This is a very common challenge people face. It’s hard not to over-reach, but as much as you might want to improve or change something, make sure it’s within the realm of something possible. These goals shouldn’t be easy, but make sure they’re something you can work toward with effort and determination. Your resolution needs to be something you can achieve and be proud of for doing so.

2. Track your progress

There are many ways to work on tracking fitness resolutions and hold yourself accountable to a goal. If your resolution is increasing your exercise effort, then reach for your MYZONE MZ-3 belt and keep pushing yourself to stay in the yellow or red zones. Some friendly competition on the MYZONE leaderboards is also a good way to stay on top of your progress.



3. Create a plan

Outlining how you plan to deal with things that could potentially get in the way of your success will immediately set you off on the right foot. Decide how you want to handle situations that could impact your goals. When life gets too busy and you can’t spend hours in the gym, work with a trainer from Sweat PT to show you how to train effectively and maximize your time at Bailey’s.



4. Share!

Don’t keep your resolutions to yourself, share with friends and family that can help support you along the way. You may even find another person with a similar goal to accompany you in achieving your goals. Try out group fitness which will help you to surround yourself with a support system who will encourage and push you in your classes!

5. Reward yourself

Set small goals or checkpoints toward your resolution so you can reward yourself for hard work along the way. A little something to look forward to after achieving smaller goals can be a huge motivator in the long run. The key here is making sure the reward doesn’t contradict what you’re trying to achieve. If your resolution is to get healthier, don’t reward yourself with a sweet treat, instead go shopping for a new workout gear or new headphones to bring to the gym.




We hope you find these 5 New Year’s resolution tips helpful.  Let us know if you have any other tips and tricks for tracking fitness resolutions by commenting below!

Supplement Timing Benefits



Are you confused about when to supplement and which ones to take? Our friends at BPI have a few tips to help you create a program that can fit any schedule! If you’re a high-level athlete, you understand the importance of meal timing and which workouts to do at what time of day. But do you apply this same systematic approach to your supplements? Do you know which ones will help you maximize your gains and the best time to take them each day?

If not, you may not be getting the most out of your supplements. Your body chemistry is not made up of a bunch of random reactions, so you shouldn’t treat your supplement regimen as a free for all. You need a coordinated approach to what you are taking and when. Use this fundamental supplement strategy as your guide to the five key times of day to supplement and why.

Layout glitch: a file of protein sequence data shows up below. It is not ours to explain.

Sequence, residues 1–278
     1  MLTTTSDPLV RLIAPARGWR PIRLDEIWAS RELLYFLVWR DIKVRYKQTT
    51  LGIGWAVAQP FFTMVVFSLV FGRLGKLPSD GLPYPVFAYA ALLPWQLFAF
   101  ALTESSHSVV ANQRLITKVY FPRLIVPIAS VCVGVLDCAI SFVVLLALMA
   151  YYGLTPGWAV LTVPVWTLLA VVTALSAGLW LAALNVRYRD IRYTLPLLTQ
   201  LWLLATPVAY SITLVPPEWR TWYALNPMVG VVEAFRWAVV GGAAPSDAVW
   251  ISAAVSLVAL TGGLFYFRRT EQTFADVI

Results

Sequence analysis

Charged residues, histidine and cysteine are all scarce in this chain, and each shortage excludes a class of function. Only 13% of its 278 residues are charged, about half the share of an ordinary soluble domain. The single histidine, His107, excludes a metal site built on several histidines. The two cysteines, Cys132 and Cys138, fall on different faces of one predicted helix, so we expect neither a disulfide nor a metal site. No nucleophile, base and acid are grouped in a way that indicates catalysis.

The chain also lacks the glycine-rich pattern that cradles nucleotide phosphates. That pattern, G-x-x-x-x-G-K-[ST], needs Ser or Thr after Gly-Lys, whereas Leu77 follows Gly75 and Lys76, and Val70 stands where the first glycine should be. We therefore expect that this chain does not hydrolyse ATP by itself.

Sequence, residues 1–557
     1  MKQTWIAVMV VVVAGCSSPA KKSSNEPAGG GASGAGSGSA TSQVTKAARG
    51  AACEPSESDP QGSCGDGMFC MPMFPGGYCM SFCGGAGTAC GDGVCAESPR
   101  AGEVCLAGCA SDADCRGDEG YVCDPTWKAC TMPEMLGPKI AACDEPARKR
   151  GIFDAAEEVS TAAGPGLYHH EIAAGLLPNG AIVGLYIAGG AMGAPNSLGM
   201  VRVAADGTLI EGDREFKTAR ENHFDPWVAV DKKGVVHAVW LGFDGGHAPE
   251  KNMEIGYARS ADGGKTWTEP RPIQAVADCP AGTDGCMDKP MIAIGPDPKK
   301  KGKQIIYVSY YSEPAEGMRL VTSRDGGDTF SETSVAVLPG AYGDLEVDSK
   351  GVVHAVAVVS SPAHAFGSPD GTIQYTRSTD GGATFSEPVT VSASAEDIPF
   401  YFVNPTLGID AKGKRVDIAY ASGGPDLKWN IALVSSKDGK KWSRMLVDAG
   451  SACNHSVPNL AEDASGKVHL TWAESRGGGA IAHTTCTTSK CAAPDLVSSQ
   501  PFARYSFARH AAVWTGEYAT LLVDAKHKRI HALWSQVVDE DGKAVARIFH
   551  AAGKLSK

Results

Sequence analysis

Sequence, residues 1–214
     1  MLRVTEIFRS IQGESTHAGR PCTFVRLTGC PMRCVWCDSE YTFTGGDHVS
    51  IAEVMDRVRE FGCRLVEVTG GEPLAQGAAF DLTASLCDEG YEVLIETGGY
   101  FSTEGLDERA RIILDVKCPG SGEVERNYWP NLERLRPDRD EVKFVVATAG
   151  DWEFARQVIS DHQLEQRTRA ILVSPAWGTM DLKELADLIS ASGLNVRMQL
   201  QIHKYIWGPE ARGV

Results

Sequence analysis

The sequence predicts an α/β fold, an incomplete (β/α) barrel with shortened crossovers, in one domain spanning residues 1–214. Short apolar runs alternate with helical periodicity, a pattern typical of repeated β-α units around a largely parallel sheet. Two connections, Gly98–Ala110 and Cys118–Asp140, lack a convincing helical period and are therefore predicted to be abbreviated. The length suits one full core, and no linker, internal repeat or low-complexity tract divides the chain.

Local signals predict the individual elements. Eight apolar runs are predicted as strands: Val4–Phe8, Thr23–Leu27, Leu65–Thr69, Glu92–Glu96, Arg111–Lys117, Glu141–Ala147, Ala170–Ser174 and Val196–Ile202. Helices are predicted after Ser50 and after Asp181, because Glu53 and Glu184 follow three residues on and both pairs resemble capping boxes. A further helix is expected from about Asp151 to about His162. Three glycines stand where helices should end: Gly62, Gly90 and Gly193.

When you first wake up, your body is coming out of a fasted state, which means it’s starting to break down your muscles in its search for nourishment. To prevent muscle loss, you need amino acids.

Whey protein isolate – Whey protein naturally contains the highest levels of branched-chain amino acids and has high bioavailability. Make a shake using 1-2 scoops of Protein for breakfast.

Branched-chain amino acids (BCAAs) – Although Whey HD™ delivers 5 grams of BCAAs, adding additional leucine, isoleucine and valine to your morning shake will help build up your reserves for the day. We recommend 3-5 grams.




You already have your meals planned out for the day. Now, incorporate your supplements into this plan to optimize nutrient absorption and energy production.

Multivitamin – On a strict diet, you may lose some important micronutrients. Plus, when training, your body already requires more vitamins and minerals to fuel your metabolism. Make up for these imbalances by supplementing with a multivitamin, preferably one formulated for your gender. Take it with breakfast, or as directed.

Vitamin D – Vitamin D helps you absorb calcium, keeping your bones strong. It also helps reduce body fat, increases strength and promotes muscle growth. This vitamin is fat soluble, so eat it alongside the fats in your diet. Make sure you are not exceeding 4,000 IU when combined with your multivitamin.

Fish oil – The omega-3 fatty acids found in fish oil can help reduce inflammation, promote heart health and increase fat metabolism. Take 1-3 grams with breakfast, lunch and dinner.


Everything you do prior to your workout will factor into your performance. Prime your body with a pre-workout supplement that delivers the following ingredients:

Betaine – Studies show betaine improves muscular endurance, hydrates cells and reduces inflammation, among other things. Take 1.5 to 2.5 grams between 30 and 60 minutes before your workout.